dbms_output.put_line(retorno);

end;

 

 

$ ll /tmp/test.txt

-rw-r–r– 1 oracle dba 32 Aug 19 14:46 /tmp/test.txt

rac1:/home/oracle$ cat /tmp/test.txt

Thu Aug 19 14:46:23 METDST 2010

 

3) Change the ownership and the permissions of the extproc executable

 

$cd $ORACLE_HOME/bin

$cp -p extproc extproc.test.2

$chown marc:users extproc

$chmod u+s extproc

$chmod g+s extproc

$chmod 751 extproc

 

s -ltr extproc

-rwxr-x–x 1 marc users 74216 Jan 12 2010 extproc

 

$rm /tmp/test.txt

 

 

4) Test the execution :

 

sqlplus test/manager

 

declare

retorno binary_integer;

begin

retorno := bd_util.shell_ejecucion(‘/usr/bin/date > /tmp/test.txt’);

dbms_output.put_line(retorno);

end;

/

 

5) Check the user used to run the external procedure(look for the owner of the file):

 

$ ll /tmp/test.txt

-rw-r–r– 1 marc users 32 Aug 19 15:00 /tmp/test.txt

rac1:/home/oracle$ cat /tmp/test.txt

Thu Aug 19 15:00:50 METDST 2010

 

References

BUG:10049161 – ORA-28575 ON LINUX 32BIT WITH EXTPROC USING OTHERS USERS AND GROUP

NOTE:1011995.6 – COMMON ORACLE PERMISSION PROBLEMS ON UNIX

NOTE:1016249.102 – OPERATING SYSTEM PERMISSION DENIED ERROR ACCESSING THE DATABASE

NOTE:1109144.1 – How to execute both 32-bit and 64-bit External Procedures within the same 11.2 database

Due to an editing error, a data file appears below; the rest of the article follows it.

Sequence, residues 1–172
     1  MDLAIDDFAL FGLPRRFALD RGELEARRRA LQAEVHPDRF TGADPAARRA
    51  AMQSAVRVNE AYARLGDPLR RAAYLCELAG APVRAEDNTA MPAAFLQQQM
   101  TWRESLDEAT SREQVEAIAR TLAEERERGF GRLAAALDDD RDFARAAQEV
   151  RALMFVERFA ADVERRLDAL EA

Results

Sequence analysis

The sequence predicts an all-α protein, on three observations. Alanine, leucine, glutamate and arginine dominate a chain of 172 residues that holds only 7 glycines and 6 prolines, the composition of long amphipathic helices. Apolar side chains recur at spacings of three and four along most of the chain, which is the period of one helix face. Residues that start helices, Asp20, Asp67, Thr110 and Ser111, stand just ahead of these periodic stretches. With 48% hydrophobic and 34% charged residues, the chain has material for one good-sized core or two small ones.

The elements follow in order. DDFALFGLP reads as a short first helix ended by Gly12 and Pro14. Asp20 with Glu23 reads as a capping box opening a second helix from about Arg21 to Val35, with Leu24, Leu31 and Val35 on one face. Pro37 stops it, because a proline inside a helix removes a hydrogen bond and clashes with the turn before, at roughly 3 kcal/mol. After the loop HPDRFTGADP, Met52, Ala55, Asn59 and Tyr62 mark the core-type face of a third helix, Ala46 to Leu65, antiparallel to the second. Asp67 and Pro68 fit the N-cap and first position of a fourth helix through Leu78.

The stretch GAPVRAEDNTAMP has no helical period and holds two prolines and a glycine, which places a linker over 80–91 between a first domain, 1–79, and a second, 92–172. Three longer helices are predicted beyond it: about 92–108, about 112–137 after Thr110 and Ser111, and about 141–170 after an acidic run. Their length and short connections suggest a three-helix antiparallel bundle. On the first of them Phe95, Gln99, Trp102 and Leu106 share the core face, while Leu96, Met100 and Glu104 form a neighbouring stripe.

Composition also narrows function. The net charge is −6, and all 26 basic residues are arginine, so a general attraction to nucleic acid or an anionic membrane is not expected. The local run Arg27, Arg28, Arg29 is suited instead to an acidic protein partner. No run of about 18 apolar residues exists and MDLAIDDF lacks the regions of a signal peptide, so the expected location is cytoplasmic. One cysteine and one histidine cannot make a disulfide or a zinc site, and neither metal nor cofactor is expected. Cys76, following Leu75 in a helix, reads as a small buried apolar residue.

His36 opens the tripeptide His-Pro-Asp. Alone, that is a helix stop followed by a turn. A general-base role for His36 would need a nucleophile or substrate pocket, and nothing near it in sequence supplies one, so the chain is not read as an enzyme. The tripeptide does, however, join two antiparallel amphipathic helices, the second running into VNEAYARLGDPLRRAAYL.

NOTE:1136408.1 – Master Note For PL/SQL External Procedures

 

 

 

EXTPROC: How to Run External Procedures as a Non-oracle User [ID 1018659.102]
 
  Modified 21-SEP-2010 Type HOWTO Status PUBLISHED  

 

Introduction

————

 

A PLSQL external procedure callout runs by default as the ‘oracle’ user.  Some

view this as a potential security risk as a malicious C program could overwrite

any file owned by the ‘oracle’ user, including data and control files.

 

 

How to Run External Procedures as a Non-oracle User

—————————————————

 

Here are the steps:

 

1.  Create a separate listener for the extproc process.

(refer to note:70638.1, Section “Listener Configuration Issues” for details)

 

2.  Modify the following binaries such that the ‘S’ bit is not set.  These are

located in your $ORACLE_HOME/bin directory. For example,

 

-rwsr-s–x tnslsnr* –> chmod 755 tnslsnr

-rwxr-x–x extproc* –> this one is OK

-rwsr-s–x lsnrctl* –> chmod 755 lsnrctl

 

3.  Modify the listener log file entry inside your listener.ora file to point to

a directory accessible to the new user. For example,

 

log_directory_callout_listener=/my_home_dir

 

Note that the above example assumes the external procedure listener name is

‘callout_listener’. If you selected a different name, use it instead.

 

4.  Log in as the new user and re-start the extproc listener. For example,

 

lsnrctl start callout_listener

 

 

Explanation

———–

 

When the ‘S’ bit is set, the listener process being started will inherit

OS permissions of the owner of the binary, regardless of who starts the

process.  When the ‘S’ bit is unset, the process will start assuming the OS

privileges and ownership of the user who just started the process.

 

 

Caution

——-

 

You must be aware of who you are (at the UNIX level) when you start listeners

on your database.  You NEVER want to start the DATABASE listener as a non-oracle

user; only start your extproc listener as a non-oracle user.